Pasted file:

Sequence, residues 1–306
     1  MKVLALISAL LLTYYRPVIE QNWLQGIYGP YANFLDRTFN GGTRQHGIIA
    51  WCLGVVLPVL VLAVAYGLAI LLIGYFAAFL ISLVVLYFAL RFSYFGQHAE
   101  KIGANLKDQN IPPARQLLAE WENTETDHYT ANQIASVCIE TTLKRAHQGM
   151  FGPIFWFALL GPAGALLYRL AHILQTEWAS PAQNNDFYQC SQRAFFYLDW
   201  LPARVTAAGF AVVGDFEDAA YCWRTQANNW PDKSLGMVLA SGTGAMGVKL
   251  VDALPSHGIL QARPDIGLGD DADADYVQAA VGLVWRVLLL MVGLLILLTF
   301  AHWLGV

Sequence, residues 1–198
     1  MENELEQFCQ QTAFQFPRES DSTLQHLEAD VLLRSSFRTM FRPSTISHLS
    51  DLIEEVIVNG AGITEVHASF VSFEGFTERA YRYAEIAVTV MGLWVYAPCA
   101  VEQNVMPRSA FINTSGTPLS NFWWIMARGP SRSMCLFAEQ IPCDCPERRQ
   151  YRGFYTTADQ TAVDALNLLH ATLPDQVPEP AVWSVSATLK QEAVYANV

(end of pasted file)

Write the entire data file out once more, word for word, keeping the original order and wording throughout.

Sequence, residues 1–306
     1  MKVLALISAL LLTYYRPVIE QNWLQGIYGP YANFLDRTFN GGTRQHGIIA
    51  WCLGVVLPVL VLAVAYGLAI LLIGYFAAFL ISLVVLYFAL RFSYFGQHAE
   101  KIGANLKDQN IPPARQLLAE WENTETDHYT ANQIASVCIE TTLKRAHQGM
   151  FGPIFWFALL GPAGALLYRL AHILQTEWAS PAQNNDFYQC SQRAFFYLDW
   201  LPARVTAAGF AVVGDFEDAA YCWRTQANNW PDKSLGMVLA SGTGAMGVKL
   251  VDALPSHGIL QARPDIGLGD DADADYVQAA VGLVWRVLLL MVGLLILLTF
   301  AHWLGV

Sequence, residues 1–198
     1  MENELEQFCQ QTAFQFPRES DSTLQHLEAD VLLRSSFRTM FRPSTISHLS
    51  DLIEEVIVNG AGITEVHASF VSFEGFTERA YRYAEIAVTV MGLWVYAPCA
   101  VEQNVMPRSA FINTSGTPLS NFWWIMARGP SRSMCLFAEQ IPCDCPERRQ
   151  YRGFYTTADQ TAVDALNLLH ATLPDQVPEP AVWSVSATLK QEAVYANV